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Kasiana rock quarry permit denied

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SITKA, ALASKA

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S&S General Contractors was denied a permit to operate the quarry, after roughly an hour of discussion from the Assembly table and testimony from neighbors.

 

The permit would have been valid for five years, although S&S would only have had 18 months to do its work. It would have allowed blasting and rock movement from 7 a.m. to 7 p.m. Monday through Saturday. In all, it was estimated that some 150-thousand cubic yards of rock would be removed.

 

The proposal received a mixed reception from neighbors. Many were vocal in their opposition, but others wrote letters saying they had no objection to the project.  The Sitka Tribe of Alaska asked for no quarry activity from March 1st to May 30, in order to avoid disturbing herring spawn.

 

Hugh Bevan of S&S General Contractors said his company was happy to comply with the Tribe’s request, and that pulling rock from the site is a good opportunity for the property owner to clean up the lot.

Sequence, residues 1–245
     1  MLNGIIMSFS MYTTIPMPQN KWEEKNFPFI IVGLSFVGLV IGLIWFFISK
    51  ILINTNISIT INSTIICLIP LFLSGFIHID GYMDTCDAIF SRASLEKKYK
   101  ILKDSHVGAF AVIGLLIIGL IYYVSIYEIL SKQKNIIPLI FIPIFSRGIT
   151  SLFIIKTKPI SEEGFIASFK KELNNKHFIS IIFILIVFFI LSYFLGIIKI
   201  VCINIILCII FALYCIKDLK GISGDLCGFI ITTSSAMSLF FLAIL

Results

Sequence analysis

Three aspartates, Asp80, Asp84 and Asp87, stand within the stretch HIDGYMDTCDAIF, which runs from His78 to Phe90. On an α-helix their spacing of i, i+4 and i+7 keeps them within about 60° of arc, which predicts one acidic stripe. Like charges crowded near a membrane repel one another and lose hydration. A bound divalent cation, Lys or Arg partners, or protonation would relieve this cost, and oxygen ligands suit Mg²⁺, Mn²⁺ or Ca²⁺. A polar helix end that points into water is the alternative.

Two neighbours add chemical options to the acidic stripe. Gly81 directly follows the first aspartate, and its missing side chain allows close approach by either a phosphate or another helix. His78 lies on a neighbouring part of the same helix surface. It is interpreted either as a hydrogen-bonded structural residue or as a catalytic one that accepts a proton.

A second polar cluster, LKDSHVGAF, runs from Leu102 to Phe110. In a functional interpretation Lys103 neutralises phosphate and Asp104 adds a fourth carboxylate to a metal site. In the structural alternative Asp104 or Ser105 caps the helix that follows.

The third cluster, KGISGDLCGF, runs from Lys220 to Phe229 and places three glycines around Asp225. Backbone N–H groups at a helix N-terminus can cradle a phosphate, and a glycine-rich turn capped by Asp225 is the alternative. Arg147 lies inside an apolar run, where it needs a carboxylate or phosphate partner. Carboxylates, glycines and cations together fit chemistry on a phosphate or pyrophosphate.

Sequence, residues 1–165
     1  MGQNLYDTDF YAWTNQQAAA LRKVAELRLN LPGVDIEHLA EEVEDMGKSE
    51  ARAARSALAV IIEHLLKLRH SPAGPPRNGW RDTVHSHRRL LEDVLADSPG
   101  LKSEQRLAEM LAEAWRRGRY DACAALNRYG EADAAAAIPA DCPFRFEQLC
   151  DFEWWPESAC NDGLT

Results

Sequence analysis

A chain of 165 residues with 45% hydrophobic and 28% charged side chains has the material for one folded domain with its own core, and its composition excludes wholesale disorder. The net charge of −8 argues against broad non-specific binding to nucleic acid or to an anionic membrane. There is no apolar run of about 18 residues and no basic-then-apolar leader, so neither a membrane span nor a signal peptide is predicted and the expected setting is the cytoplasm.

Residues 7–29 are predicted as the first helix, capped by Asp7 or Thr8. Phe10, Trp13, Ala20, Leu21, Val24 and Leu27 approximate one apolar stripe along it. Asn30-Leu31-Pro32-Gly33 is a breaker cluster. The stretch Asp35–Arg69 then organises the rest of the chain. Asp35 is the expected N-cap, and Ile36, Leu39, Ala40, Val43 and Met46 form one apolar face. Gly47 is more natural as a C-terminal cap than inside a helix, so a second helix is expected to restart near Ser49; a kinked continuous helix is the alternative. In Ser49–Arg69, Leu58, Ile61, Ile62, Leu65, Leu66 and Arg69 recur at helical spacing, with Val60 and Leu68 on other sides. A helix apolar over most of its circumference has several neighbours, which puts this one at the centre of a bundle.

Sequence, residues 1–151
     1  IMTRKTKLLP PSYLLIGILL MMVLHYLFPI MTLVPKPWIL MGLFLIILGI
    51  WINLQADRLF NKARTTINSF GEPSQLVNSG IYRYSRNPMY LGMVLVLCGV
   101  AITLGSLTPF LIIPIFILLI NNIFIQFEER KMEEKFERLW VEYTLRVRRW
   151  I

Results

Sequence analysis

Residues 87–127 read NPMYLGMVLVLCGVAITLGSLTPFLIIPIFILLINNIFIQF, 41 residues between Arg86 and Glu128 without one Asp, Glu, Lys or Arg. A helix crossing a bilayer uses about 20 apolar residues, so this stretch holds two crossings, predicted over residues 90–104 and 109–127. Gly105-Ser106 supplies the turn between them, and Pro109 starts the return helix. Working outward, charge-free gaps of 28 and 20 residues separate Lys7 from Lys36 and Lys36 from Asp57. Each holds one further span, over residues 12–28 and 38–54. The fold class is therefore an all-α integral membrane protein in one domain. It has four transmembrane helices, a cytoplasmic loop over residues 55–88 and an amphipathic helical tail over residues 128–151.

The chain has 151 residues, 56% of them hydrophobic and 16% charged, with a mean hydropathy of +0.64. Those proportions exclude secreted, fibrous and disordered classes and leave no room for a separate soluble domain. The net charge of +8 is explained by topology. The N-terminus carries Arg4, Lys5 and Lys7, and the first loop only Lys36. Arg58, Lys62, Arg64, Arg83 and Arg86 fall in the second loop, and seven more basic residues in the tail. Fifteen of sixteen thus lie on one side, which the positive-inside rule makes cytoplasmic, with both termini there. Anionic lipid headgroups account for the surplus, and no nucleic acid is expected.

But Kasiana Island resident Keith Nyitray said the impact of a rock quarry on neighbors would be unbearable.

 

“I’m sure you know how well sound carries across the water,” Nyitray said. “And on a calm day, I can hear people speaking on their lots across the way. Can you imagine what it will be like to listen to the sounds of heavy machinery and blasting for up to 12 hours a day, six days a week, for a year and a half?”

 

The Assembly gave the proposal a chilly reception, despite a Planning Commission recommendation to approve the permit with conditions.           

 

How can any person reasonably expect when they buy a secluded property in Alaska that there’s going to be a rock mine open next to their home?” Mayor Scott McAdams said.

 

The Assembly voted 6 to 1 against the quarry, with Assembly member Larry Crews supporting the permit.  The Kasiana Island issue took up most of the last hour of the meeting, which stretched from 6 p.m. until the mandated adjournment time of 11 p.m.

 

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